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Old 02-16-2013, 09:20 PM
 
Location: Los Angeles area
14,018 posts, read 17,759,876 times
Reputation: 32309

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Some stuff people like to do is expensive. Skiing is an expensive hobby, so is power boating, and so are many other things. Traveling is expensive too, but many of us love to travel and as long as we can afford the type of travel we do, it doesn't have to be justified.

When I was a child in the 1950's people took road trips, as airline travel had not yet attained common usage. And some of us still like road trips. The private automobile is a wonderful way to travel which has many advantages over airline or rail travel. Sometimes things we want to see, and people we want to visit, are not located in cities large enough to have scheduled airline service. I have made several road trips where seeing the things I wanted to see would have involved flying to some city, renting a car to get to the outlying location, flying to another city and renting a car, and on and on. Having my own car was both cheaper and more enjoyable.

Besides various cousins who live scattered around the United States - not all in major cities - here are some extremely interesting and worthwhile things that are remotely located:

1. The Grand Canyon
2. The National Museum of the Pacific War (Fredricksburg, Texas)
3. The Eisenhower National Museum, Library, and gravesite (Abilene, Kansas)
4. The Amish country in Ohio
5. The National Museum of Naval Aviation (Pensacola, Florida)
6. The Crystal Bridges Museum of American Art (Bentonville, Arkansas)
7. Yellowstone National Park
8. The wonderful Canyon de Cheilly (sp?) in the Navajo country of northern Arizona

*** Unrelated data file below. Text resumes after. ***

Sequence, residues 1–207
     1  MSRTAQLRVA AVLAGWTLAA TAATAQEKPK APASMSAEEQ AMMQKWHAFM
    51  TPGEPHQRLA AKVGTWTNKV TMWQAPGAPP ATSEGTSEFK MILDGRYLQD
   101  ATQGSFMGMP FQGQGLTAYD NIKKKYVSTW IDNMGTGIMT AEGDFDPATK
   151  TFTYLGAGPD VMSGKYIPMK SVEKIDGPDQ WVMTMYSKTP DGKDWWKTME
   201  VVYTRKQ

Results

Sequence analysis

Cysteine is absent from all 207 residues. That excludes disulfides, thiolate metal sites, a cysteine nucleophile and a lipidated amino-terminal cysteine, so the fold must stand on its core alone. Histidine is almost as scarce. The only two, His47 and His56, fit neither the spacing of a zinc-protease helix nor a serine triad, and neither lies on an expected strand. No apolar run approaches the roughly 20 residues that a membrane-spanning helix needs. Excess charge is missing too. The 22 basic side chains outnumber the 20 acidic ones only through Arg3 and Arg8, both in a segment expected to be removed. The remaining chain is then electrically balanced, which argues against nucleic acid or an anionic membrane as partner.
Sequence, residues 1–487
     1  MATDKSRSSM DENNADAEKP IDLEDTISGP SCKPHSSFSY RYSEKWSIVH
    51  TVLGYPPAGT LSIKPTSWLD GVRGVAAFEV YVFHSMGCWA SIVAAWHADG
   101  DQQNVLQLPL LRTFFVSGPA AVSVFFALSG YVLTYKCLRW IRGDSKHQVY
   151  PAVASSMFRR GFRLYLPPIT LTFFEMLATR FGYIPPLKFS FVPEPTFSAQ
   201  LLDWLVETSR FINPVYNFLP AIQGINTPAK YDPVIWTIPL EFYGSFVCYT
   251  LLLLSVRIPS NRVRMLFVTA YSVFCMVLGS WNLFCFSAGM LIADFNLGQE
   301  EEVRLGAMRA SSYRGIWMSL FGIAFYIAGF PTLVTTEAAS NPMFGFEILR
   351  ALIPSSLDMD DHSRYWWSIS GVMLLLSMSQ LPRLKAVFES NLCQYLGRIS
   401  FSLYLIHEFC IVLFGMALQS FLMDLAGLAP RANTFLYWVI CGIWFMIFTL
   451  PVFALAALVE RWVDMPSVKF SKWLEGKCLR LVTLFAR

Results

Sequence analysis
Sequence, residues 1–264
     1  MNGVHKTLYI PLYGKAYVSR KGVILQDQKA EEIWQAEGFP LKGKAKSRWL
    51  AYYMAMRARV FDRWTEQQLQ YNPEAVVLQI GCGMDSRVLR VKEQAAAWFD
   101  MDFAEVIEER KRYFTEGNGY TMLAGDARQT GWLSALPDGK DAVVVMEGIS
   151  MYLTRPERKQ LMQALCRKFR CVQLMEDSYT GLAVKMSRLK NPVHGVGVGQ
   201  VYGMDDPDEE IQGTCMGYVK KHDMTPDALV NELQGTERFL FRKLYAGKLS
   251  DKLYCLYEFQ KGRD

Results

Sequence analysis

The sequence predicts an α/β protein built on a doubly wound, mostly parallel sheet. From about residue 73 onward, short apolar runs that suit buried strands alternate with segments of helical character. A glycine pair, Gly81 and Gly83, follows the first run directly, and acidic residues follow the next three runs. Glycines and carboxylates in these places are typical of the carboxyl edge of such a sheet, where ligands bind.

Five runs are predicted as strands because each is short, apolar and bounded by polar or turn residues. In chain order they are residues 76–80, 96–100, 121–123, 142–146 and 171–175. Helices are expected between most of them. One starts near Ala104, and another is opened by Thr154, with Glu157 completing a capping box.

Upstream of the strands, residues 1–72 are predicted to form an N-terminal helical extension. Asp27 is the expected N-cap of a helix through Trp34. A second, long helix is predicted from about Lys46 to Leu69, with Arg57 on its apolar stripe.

I could go on and on; the eight items are just examples of places I have actually visited during various road trips. Of course one can still rent a car and do extended road trips, but I think that would get pretty expensive. My mother of all road trips was in 2006, the basic outlines of which were (starting and ending in Los Angeles) Sacramento, CA; the Oregon coast; the Canadian Rockies; Edmonton, Canada; Kansas City; St. Louis; Buffalo, NY; Washington DC; the Blueridge Parkway; Baton Rouge, Lousiana; Little Rock, Arkansas; and home. I drove 10,000 miles was gone six weeks and had a fantastic time.

This has been a little long (sorry). My point is that car ownership has this one great advantage - traveling - that I don't recall seeing mentioned yet in this thread.

 
Old 02-16-2013, 09:23 PM
 
Location: Hong Kong
1,329 posts, read 874,554 times
Reputation: 217
Wow, what a long post to just say:
"this whole saving money business ... is pretty irrelevant to people with even very modest incomes"

Is the average of $8,000 irrelevant?
Not to me. Not to many others.

As I said, I prefer to "invest" that money in paying down a mortgage, and if I had to drive - I will do it in a frugal way. But I would also investigate other ways of saving money, by living or working elsewhere.

My main point is that many people just seem to accept that they MUST HAVE A CAR (or maybe must have an expensive car), rather than rethinking the big picture of their lives.

QUESTIONS:
========
+ Do you really have such a quarrel with my simple and logical point of view (on rethinking the big picture)?

You have not answered this, so I shall ask again:
+ How do you get comfortable with your exposure to a possible future rise in oil prices?


SO MANY DRIVERS SEEM TO LIVE IN DENIAL, thinking these risks do not matter, and we will simply go back to a situation like 2005-6. I think that complacency arises from fantasy. And some intelligent people have written books to try to get people to come to grips with changing reality.

Here's James Howard Kunstler interviewing John Michael Greer :
(why do these dystopic writers favor three names ?)

The God of Progress is Dead

MP3 : http://media.libsyn.com/media/kunstl...erCast_217.mp3

John Michael Greer, author of The Long Descent, The Wealth of Nature and Apocalypse Not, returns to the KunstlerCast to speak with JHK by phone.